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Alien Life Potential: Embracing a Purple Hue

If alien life is ever discovered, its appearance remains a mystery. However, the quest for extraterrestrial life now encompasses purple bacteria, as indicated by a team of astronomers studying the unique chemical composition of these lavender-hued organisms. These microbes, which may have thrived in the early stages of Earth’s history, are believed to be well-suited for existence on distant planets orbiting dim red stars smaller than our sun, according to a recent study.

The ongoing effort to catalog these organisms aims to establish a database of potential life indicators, ensuring that our telescopes are equipped to detect life forms that may differ from the familiar ones on Earth. Lisa Kaltenegger, a co-author of the study from Cornell University, highlighted the adaptability of purple bacteria to diverse environments, suggesting that the color purple could be as indicative of life as green is on our planet.

On Earth, where life is known to exist, the predominant mechanism for sustaining life involves oxygen-producing photosynthesis driven by chlorophyll, the green pigment utilized by most organisms to capture sunlight. However, billions of years ago, prior to the emergence of chlorophyll-based photosynthesis, microorganisms used a purple-pigmented molecule called retinal to harness sunlight for metabolic energy. Scientists speculate that if retinal is present on other planets, its distinct signature could be detectable by advanced telescopes.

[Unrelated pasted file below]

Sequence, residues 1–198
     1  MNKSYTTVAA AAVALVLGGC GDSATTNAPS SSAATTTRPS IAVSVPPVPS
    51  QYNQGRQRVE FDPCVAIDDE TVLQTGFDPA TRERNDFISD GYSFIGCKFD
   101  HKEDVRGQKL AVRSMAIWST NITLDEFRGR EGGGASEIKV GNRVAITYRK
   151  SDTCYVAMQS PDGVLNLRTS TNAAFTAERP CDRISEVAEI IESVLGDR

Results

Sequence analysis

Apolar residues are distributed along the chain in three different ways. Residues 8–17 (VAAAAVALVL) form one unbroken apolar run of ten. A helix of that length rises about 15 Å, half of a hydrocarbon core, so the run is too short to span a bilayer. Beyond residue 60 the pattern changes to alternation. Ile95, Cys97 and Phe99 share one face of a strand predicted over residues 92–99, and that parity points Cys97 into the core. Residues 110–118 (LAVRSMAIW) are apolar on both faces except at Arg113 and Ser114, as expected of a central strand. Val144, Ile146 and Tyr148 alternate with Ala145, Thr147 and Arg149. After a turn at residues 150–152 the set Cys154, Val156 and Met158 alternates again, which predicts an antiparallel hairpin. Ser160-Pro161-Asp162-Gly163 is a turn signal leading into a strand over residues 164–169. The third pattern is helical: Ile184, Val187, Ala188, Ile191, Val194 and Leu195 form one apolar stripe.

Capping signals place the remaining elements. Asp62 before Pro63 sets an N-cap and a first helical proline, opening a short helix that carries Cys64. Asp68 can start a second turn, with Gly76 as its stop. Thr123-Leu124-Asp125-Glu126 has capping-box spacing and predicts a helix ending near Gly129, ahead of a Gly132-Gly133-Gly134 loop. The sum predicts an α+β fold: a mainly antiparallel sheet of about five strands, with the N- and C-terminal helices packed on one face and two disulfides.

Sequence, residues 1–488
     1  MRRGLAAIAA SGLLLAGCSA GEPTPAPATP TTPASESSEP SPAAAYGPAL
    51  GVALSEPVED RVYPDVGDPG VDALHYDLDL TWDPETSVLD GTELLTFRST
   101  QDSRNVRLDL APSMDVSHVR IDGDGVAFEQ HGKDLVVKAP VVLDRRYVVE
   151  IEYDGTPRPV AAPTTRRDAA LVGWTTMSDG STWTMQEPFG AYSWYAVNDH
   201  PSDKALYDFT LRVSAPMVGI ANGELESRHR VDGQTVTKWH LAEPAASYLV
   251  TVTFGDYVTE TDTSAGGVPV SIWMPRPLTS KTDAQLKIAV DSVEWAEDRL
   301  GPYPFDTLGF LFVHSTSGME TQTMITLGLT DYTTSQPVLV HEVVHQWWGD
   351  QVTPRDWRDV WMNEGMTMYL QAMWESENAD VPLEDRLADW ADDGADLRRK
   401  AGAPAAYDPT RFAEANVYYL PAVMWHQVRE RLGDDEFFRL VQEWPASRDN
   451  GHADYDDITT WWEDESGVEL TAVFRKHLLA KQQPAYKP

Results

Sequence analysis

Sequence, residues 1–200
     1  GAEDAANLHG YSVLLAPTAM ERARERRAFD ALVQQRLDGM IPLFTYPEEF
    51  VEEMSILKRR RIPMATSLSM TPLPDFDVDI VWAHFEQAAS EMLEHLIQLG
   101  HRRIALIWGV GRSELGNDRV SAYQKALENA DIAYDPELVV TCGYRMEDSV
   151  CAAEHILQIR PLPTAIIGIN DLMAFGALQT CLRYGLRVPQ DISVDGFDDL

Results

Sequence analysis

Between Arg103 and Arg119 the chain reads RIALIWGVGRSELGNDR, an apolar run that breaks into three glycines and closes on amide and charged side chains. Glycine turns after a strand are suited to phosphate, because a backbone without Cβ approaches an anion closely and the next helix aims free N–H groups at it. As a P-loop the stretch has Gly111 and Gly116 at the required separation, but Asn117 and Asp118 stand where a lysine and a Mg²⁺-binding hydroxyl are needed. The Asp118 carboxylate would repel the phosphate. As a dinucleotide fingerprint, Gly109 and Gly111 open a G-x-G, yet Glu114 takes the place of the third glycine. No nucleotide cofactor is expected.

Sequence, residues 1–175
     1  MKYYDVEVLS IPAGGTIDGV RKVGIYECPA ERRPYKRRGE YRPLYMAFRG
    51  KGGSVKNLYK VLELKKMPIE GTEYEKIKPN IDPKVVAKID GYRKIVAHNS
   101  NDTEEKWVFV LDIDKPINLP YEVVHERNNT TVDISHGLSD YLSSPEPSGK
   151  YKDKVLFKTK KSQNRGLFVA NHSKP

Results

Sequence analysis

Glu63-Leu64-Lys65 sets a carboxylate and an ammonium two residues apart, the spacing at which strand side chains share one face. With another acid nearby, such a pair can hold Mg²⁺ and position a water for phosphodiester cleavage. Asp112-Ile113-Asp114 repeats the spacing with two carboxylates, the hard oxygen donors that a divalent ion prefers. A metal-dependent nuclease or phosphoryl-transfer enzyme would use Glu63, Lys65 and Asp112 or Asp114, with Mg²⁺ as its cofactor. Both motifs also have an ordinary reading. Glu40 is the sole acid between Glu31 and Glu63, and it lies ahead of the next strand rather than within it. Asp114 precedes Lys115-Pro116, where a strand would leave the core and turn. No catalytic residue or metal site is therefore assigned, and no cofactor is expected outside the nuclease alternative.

The current search for alien life has been biased towards detecting green pigments due to limited data on organisms with other colors, such as purple. To address this gap, Lígia Fonseca Coelho and her team from the Carl Sagan Institute cultivated purple bacteria from various environments and analyzed their unique characteristics. By simulating scenarios where purple bacteria dominate different types of Earth-sized planets, including icy orbs and rocky spheres, the researchers were able to identify detectable biosignatures that could guide future telescope observations.

The study, published in the journal Monthly Notices of the Royal Astronomical Society: Letters on April 16, sheds light on the potential diversity of life beyond Earth and underscores the importance of expanding our search parameters to include a spectrum of colors beyond green.